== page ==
By Joe McKeever
JACKSON, Miss. (BP) — Last Sunday, we sang “When we all get to Heaven, what a day of rejoicing that will be! When we all see Jesus, we’ll sing and shout the victory!” (E. E. Hewitt, 1898)
Something occurred to me. Sure, we’ll “sing and shout the victory” when we see Jesus face to face. Anyone would. But He wants us to “sing and shout the victory” now, in the middle of the battle.
How do we know? Scripture is loaded with this subject:
— “He giveth songs in the night” (Job 35:10). “In the night His song shall be with me — a prayer to the God of my life” (Psalm 42:8).
— “When men revile you and persecute you and say all kinds of evil against you falsely for My sake, rejoice and be exceedingly glad, for great is your reward in Heaven. For so they persecuted the prophets who were before you” (Matthew 5:11-12).
— “Though the fig tree should not blossom and there be no fruit on the vines; though the yield of the olive should fail, and the fields produce no food; though the flock should be cut off from the fold, and there be no cattle in the stalls — yet, I will exult in the Lord! I will rejoice in the God of my salvation! The Lord God is my strength, and He has made my feet like hinds’ feet. He causes me to walk on my high places!” (Habakkuk 3:17-19)
— “The Lord giveth, the Lord taketh away. Blessed be the Name of the Lord” (Job 1:21).
— “Yea, though I walk through the valley of the shadow of death, I will fear no evil, for thou art with me…. My cup runneth over” (Psalm 23:4-5).
— “Rejoice in the Lord always” (Philippians 4:4) and “rejoice evermore” (I Thessalonians 5:16).
Do that and people will call you a nut or say you’re in denial. Could be. Or perhaps you know something.
— “I know whom I have believed and am persuaded that He is able to keep that which I have committed unto Him against that day” (2 Timothy 1:12).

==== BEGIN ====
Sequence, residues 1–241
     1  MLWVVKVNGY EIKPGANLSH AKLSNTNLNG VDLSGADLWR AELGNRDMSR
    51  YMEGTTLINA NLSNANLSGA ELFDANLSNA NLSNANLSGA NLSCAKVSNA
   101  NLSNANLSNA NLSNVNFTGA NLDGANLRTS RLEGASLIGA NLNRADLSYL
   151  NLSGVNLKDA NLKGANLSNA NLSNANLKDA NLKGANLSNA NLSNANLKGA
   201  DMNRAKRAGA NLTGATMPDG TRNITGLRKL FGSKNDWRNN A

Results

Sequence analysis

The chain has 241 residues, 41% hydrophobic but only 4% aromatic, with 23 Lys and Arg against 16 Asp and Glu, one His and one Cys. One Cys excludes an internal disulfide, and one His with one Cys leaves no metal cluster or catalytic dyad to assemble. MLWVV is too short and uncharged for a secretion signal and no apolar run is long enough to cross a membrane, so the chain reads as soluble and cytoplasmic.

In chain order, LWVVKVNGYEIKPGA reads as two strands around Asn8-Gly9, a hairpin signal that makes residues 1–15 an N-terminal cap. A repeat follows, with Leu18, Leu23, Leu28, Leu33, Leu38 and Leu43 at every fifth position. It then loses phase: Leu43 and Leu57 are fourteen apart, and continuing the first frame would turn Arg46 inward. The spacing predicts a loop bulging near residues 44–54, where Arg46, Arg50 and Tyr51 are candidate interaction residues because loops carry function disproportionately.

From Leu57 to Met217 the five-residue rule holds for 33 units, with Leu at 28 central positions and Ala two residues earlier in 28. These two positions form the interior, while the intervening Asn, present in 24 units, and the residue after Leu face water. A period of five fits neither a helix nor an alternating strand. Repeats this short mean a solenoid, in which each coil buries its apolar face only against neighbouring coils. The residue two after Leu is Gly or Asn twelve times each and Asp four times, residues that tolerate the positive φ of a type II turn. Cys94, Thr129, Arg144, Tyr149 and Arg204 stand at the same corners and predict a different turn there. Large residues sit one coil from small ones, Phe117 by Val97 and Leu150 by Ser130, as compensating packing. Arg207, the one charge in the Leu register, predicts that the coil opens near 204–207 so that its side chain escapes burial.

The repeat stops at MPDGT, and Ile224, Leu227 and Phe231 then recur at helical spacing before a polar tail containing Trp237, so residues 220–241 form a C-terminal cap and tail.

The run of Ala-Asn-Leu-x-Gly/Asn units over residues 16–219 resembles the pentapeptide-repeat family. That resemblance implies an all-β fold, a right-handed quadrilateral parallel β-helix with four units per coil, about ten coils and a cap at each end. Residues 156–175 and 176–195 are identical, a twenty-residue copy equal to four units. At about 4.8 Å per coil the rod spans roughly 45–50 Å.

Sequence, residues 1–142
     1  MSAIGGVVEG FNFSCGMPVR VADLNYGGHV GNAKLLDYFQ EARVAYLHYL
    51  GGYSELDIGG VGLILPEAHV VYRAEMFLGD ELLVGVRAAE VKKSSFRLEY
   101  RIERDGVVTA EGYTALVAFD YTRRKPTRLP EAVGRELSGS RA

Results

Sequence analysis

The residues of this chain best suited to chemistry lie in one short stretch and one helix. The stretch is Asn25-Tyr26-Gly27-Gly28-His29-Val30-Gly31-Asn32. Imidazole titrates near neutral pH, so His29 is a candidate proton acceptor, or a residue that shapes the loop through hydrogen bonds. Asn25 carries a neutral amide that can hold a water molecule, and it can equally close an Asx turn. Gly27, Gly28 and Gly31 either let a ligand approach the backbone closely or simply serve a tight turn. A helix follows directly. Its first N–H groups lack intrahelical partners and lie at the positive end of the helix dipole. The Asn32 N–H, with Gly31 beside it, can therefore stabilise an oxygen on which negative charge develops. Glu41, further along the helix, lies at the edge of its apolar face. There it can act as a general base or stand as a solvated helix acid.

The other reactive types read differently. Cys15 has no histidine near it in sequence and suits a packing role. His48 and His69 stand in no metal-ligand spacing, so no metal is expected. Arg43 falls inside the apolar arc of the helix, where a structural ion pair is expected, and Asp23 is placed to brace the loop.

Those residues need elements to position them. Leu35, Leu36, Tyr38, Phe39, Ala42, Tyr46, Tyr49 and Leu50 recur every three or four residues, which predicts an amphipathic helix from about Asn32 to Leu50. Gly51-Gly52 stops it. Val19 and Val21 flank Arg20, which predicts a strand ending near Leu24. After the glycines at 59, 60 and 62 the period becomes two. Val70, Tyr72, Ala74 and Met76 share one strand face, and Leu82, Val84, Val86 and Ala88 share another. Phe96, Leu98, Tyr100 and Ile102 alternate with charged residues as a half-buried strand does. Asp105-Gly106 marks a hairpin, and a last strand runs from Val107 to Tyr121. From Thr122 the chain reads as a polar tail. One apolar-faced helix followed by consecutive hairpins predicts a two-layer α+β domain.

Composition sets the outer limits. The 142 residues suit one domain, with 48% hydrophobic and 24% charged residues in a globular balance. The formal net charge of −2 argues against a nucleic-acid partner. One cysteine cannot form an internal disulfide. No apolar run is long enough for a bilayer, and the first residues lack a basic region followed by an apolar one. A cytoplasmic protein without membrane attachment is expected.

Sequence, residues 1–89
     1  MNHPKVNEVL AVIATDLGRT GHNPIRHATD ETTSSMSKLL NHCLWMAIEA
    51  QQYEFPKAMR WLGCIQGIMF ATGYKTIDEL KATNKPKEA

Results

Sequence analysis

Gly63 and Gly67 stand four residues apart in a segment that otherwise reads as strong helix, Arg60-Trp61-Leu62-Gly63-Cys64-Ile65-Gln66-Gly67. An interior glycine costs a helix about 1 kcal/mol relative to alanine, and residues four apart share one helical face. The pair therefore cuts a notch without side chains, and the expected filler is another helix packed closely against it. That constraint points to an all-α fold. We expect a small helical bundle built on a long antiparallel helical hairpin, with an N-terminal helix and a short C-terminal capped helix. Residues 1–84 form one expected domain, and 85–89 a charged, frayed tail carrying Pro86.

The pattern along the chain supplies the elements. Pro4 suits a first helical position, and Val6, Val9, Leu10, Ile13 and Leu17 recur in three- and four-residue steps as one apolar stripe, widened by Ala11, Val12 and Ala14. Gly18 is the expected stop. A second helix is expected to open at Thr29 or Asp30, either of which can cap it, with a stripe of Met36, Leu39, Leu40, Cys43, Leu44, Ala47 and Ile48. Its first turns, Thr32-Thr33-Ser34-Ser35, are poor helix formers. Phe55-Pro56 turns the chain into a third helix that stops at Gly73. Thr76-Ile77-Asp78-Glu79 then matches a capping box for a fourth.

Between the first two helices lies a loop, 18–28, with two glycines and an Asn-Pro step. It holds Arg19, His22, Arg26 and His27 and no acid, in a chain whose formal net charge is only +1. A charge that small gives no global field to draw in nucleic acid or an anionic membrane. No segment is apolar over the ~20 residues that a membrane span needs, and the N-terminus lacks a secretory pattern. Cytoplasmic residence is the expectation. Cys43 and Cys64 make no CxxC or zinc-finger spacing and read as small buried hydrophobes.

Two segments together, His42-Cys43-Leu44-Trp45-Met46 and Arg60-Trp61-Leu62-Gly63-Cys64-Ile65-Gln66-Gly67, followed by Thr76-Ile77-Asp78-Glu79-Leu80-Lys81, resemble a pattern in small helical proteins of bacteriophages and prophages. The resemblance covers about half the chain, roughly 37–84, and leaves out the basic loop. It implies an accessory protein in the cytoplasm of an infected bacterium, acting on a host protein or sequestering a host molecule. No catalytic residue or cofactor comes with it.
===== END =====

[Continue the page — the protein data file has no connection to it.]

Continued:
— “We know that if this earthly house — this tent — is destroyed, we have a building from God, a house not made with hands, eternal in the Heavens” (2 Corinthians 5:1).
— “We know that we have passed from death to life because we love the brethren” (I John 3:14).
— “This hope we have as an anchor for our souls” (Hebrews 6:19).
— “It has not yet been revealed what we shall be, but we know that when He is revealed, we shall be like Him, for we shall see Him as He is….” (I John 3:2).
And so we rejoice. We rejoice in the middle of our tribulations. In the middle of the battlefield. While the tempest still rages, the enemy still struts, and the warfare continues. We have the victory.
“At midnight, Paul and Silas began praying and singing hymns to God. And the prisoners were listening to them” (Acts 16:25). These warriors for God had been unjustly arrested and beaten half to death. Then, their backs open wounds, they were locked into stocks, double-locked into the cells and left for the night. Amazingly, in the middle of their pain and anguish, they rejoiced in the Lord. That night, God sent a jail-sized earthquake, blew the doors off their hinges and broke the chains and left the jailer with a lesson he would remember to his dying day. That night, great victories were won for Christ. But it all started when two hurting warriors decided to pray and sing to God.
Can you sing in the midst of your pain? That is the song that honors Him most.
You’re singing by faith and not by feeling. And nothing honors Him more than our faith. “Without faith it is impossible to please God” (Hebrews 11:6).
Can you sing in the middle of your pain? If you cannot — if everything has to be perfect before you can give thanks — you will never do it.
Rejoice in the Lord. Again, I say, rejoice.